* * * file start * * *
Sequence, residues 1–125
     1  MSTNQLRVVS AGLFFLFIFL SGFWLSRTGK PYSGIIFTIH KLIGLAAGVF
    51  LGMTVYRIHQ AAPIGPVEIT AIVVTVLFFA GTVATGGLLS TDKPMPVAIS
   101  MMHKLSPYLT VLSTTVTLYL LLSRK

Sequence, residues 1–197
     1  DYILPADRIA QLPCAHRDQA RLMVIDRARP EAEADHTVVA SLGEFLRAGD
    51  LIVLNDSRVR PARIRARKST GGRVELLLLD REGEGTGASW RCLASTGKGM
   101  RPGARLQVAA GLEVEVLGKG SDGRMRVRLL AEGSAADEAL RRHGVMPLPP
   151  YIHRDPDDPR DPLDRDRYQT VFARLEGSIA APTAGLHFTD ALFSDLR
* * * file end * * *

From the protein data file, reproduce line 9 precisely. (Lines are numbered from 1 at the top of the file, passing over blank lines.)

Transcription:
   151  YIHRDPDDPR DPLDRDRYQT VFARLEGSIA APTAGLHFTD ALFSDLR